ButWhatFor? Four for Friday | No. 035
How lucky I am, Jesuits, truth on the blockchain, and the Sample
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ButWhatFor? Four for Friday
One Quote: “How lucky I am to have something…”
One Long: The story of the Jesuits
One Short: The truth on the blockchain
One Extra: The Sample
How lucky I am to have something that makes saying goodbye so hard.
There is nothing specific this week that I am saying goodbye to — but this quote has been sitting in my back pocket for a while, and I love the sentiment behind it.
Things in life can be difficult and you might not want to go through whatever you are doing due to the unpleasantness of it. However, things are usually difficult because there something of value is involved.
The story of the Jesuits
The adventures of these individual men were remarkable, but their contribution to the creation of organised networks that transmitted information and knowledge did not happen by accident but was the result of careful planning and foresight…
But Ignatius worried that this international dispersal, which the society had embraced as its particular charism, might nevertheless also spell the end of the society as such, for without communication among its members, esprit de corps could soon dissipate and disappear. To counter this risk to its internal unity and cohesion, he created and mandated an elaborate system of reporting and letter writing from the peripheries back to the centre – Rome – every year. From Rome, Ignatius and his assistants responded to the questions and concerns that had been raised by missionaries in the field. They resolved disputes and recommended particular courses of action…
The result of all this written communication was one of the largest archives to issue from a single ‘non-governmental organisation’ in the 16th and 17th centuries. The documents that have been preserved range from personal and official letters, financial reports, property deeds, ethnographic treatises, dictionaries and devotional books translated into native languages, from Nahuatl (Aztecan) to Chinese. The archives also preserve a large collection of manuscript maps, paintings, and drawings of fauna and flora in countries as distant as Peru and China, Japan and New France…
To ensure the arrival of their correspondence, the Jesuits in Japan and China would usually make three copies of each letter and send them on different ships, in the hope that at least one copy would survive and reach its final destination. The Roman archives of the society sometimes preserve all three copies, sometimes only one or two copies, and sometimes there are only references to a letter.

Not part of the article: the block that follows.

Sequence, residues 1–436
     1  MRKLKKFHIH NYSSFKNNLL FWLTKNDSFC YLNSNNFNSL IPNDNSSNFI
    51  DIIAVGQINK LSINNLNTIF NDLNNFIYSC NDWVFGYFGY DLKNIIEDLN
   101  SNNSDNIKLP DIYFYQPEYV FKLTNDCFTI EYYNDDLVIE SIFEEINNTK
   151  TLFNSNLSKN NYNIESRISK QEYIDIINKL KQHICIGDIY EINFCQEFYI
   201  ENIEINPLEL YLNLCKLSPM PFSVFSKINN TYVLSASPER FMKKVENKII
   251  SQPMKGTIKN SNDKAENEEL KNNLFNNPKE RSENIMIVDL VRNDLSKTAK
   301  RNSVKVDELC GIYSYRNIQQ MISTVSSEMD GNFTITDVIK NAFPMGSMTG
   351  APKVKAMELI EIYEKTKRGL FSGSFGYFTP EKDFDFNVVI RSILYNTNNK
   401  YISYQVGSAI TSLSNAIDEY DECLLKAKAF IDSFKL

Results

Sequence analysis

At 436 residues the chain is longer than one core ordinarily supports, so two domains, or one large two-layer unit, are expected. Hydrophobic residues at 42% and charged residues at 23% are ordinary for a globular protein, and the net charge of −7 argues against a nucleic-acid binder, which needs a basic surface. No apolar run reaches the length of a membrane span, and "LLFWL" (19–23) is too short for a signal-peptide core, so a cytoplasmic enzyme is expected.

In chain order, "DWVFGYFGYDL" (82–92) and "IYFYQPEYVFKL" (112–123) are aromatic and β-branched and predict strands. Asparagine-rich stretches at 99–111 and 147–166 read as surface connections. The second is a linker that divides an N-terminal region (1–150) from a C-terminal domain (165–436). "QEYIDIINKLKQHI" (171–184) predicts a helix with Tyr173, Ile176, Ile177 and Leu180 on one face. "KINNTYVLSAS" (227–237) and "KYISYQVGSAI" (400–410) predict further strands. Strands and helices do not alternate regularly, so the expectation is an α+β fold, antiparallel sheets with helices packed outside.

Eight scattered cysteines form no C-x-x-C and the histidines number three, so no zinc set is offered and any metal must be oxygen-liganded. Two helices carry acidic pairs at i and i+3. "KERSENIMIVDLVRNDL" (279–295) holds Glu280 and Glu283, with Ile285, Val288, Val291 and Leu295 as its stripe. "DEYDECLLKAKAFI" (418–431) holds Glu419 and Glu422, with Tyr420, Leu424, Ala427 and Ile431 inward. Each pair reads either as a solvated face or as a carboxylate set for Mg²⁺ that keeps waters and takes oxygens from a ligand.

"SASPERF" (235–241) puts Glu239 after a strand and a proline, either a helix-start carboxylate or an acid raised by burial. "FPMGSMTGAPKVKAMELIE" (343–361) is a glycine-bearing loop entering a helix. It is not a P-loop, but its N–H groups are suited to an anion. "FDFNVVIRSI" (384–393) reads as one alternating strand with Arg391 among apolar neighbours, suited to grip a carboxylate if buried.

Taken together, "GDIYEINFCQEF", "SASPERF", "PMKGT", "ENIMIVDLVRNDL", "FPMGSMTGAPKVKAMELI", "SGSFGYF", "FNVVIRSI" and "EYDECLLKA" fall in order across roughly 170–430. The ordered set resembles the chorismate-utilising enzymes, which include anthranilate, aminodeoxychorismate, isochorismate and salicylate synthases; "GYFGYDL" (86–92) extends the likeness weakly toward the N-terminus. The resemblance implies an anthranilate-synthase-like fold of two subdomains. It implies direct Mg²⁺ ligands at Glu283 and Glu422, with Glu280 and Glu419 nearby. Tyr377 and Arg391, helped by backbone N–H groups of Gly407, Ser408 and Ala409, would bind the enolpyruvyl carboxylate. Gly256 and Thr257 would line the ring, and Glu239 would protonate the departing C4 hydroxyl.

Necessity is the mother of invention, and the story of how the Jesuits spread out across the world from a starting point in Rome is a fun read. It is a good reminder that discoveries of value fall out of the efforts of dedicated and earnest people pursuing unrelated things.
The things of value are often not the aim, desire, or driver, but they are what endure long after those people themselves have gone.
The Truth on the Blockchain
For a few years now, blockchains have been so hyped that they have been put to all sorts of uses. Blockchain-based projects are multiplying without any consideration for the actual necessity of a blockchain for these projects. It seems that this is entirely due to a fashion effect… and to the subsequently available fundings…
The thing is, the problem with blockchain-based projects is actually more profound. What many people do not seem to understand (or do not want to), is that, as a rule, what is recorded on a blockchain has no truth value in the real-world, if it is not enforced by an external authority. In the exact same way that a contract written on a sheet of paper only has a meaning and value as long as all parties agree to it, or as long as there is a third-party that has the ability to coerce recalcitrant parties to honor the contract…
The only truth that is guaranteed by the recording of a given information on a given blockchain, is that this particular information is written on this particular blockchain… By using a blockchain, one pays the cost of decentralization in a trustless environement, without having decentralized anything at all nor eliminated any need for trust.
I have always struggled to articulate why blockchain use cases never quite make sense to me.
The author here nailed it with an explanation I wish I could have verbalized myself.
Blockchain feels too much like a hammer looking for a nail it can drive more effectively than other hammers. However, this hammer always fails to find a nail because it is too complicated, expensive, environmentally irresponsible, and lacks privacy.
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